Music speaks to the soul like few other things do. The older I get, I think this becomes more and more true. Each year adds a year's worth of experience to our life resume', and each year we're likely to relate with more songs. For example, I've heard a lot of songs on the topic of divorce, but until I went through my own painful divorce nine years ago, I'm not sure I was even paying attention to them. I definitely do now.
I listen to all kinds of music, but if I really want to hear a story, I tend to go either towards country or gospel. Both of those forms came from the same roots (along with the blues), and all three of those genres are built on the idea that things might be bad now, but they're going to get better. They tell a story. These songs have lifted me out of a lot of pits, and sometimes they've provided me a place to process some very deep feelings.
These songs have lifted me out of a lot of pits, and sometimes they've provided me a place to process some very deep feelings.
I remember really falling in love with country music in the 90's. Up until then I had pretty much been listening to rock music exclusively. Lots of new artists were coming out then, and some really great music was being recorded. Many of those songs became classics. Randy Travis had many hits during that time and he was always consistently great. "I'm Gonna' Love You Forever" was a monster smash hit, and I loved the sentiment of it. It was a song of proclamation and dedication from a husband to a wife, and it really spoke to me then as a married man, and haunted me later. After Randy disappeared off the charts, I felt like I sort of disappeared too.
I saw Randy the other night. He was at Josh Turner's album release party, an event to which I was fortunate enough to get an invitation. An awful lot of water has gone under the bridge for Randy and me both. I've gone through a painful divorce, and an equally arduous rebuilding process, and Randy has struggled through problems with alcohol, as well as a debilitating stroke. So much has changed for both of us since the first time I heard his voice on the radio.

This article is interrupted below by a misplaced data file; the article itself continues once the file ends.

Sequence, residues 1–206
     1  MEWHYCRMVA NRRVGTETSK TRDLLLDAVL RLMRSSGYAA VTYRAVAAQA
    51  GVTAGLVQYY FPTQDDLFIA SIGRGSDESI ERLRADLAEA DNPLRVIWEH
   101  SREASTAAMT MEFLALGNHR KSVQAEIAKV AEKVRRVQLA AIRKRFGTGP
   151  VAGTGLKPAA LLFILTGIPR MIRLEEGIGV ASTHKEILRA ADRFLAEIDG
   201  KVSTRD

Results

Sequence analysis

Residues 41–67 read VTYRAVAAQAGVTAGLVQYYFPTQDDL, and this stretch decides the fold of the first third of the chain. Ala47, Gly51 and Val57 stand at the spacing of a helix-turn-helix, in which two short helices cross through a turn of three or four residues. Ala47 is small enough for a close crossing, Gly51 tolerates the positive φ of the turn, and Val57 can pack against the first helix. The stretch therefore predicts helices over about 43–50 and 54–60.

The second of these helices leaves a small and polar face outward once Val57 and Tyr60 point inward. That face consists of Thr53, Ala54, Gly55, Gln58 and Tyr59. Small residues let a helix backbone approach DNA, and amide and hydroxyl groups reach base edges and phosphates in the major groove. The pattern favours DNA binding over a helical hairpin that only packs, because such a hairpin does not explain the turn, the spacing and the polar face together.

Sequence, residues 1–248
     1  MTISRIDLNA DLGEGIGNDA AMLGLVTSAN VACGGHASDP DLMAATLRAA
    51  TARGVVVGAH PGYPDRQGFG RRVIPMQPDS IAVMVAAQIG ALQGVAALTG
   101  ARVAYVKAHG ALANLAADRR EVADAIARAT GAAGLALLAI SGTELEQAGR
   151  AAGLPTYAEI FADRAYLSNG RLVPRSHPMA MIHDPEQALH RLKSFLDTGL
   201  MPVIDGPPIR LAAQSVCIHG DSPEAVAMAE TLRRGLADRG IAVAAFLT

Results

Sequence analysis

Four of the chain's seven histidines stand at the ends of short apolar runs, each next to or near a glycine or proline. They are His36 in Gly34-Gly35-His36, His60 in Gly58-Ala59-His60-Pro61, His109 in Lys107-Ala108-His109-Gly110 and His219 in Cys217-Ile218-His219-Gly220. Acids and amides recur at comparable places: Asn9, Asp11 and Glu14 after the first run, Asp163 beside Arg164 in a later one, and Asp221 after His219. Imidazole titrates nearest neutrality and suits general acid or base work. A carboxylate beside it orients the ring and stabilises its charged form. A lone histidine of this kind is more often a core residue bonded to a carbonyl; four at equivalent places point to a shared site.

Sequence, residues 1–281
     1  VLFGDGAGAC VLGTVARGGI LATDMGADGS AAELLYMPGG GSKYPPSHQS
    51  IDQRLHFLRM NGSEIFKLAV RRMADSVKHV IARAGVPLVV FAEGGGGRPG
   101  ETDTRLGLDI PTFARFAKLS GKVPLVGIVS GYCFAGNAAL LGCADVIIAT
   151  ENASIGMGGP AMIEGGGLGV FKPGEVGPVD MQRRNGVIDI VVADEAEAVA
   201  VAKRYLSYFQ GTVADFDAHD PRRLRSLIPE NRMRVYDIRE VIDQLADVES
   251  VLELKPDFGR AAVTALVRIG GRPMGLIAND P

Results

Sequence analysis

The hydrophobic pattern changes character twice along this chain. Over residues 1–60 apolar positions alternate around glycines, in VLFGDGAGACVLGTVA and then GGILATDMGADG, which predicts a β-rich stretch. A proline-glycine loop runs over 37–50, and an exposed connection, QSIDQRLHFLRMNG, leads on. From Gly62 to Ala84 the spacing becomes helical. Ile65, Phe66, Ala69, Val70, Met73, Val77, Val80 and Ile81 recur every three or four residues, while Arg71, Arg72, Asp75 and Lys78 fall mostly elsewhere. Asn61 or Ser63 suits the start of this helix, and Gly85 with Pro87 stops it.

Before Josh played songs from his new album, he gave a special shout-out to Randy, saying how important Randy's music, his style, and his career in general had been to his own music. Josh's obvious admiration and appreciation for Randy was very evident. He basically said that without Randy Travis breaking ground for him, there wouldn't be the artist called Josh Turner that we know today. I had heard Josh talk about Randy before, but never in person. Seeing the look on Randy's face was priceless. It was bittersweet for me, as I'm sure it was for the two of them.
The thing that was apparent to me is that the torch had been passed from one to the other. . .
The thing that was apparent to me is that the torch had been passed from one to the other, graciously given and graciously received. And I'm sure there will be a time in Josh's future when he will pass the torch to another young artist, someone who is unknown now, working on their chops even as I type this in some corner of the world.
Then, it hit me. Realizing that we're here for a short time, and that we have an obligation to pass things on and pay them forward is a big part of what living second is all about. Our lives here on earth belong to each other. The way we live, the stories we tell, and the music we make will have an impact in people's lives for generations to come. We have the decision to live a story that will inspire someone else to live second, putting God and others first. Living second is about humbly passing on the torch.
Living second is about humbly passing on the torch.
I think Randy has known this for quite some time, and from the look on Josh's face and the things that he had to say, I think he knows it too.
Josh Turner will be releasing his new album, Deep South, on March 10.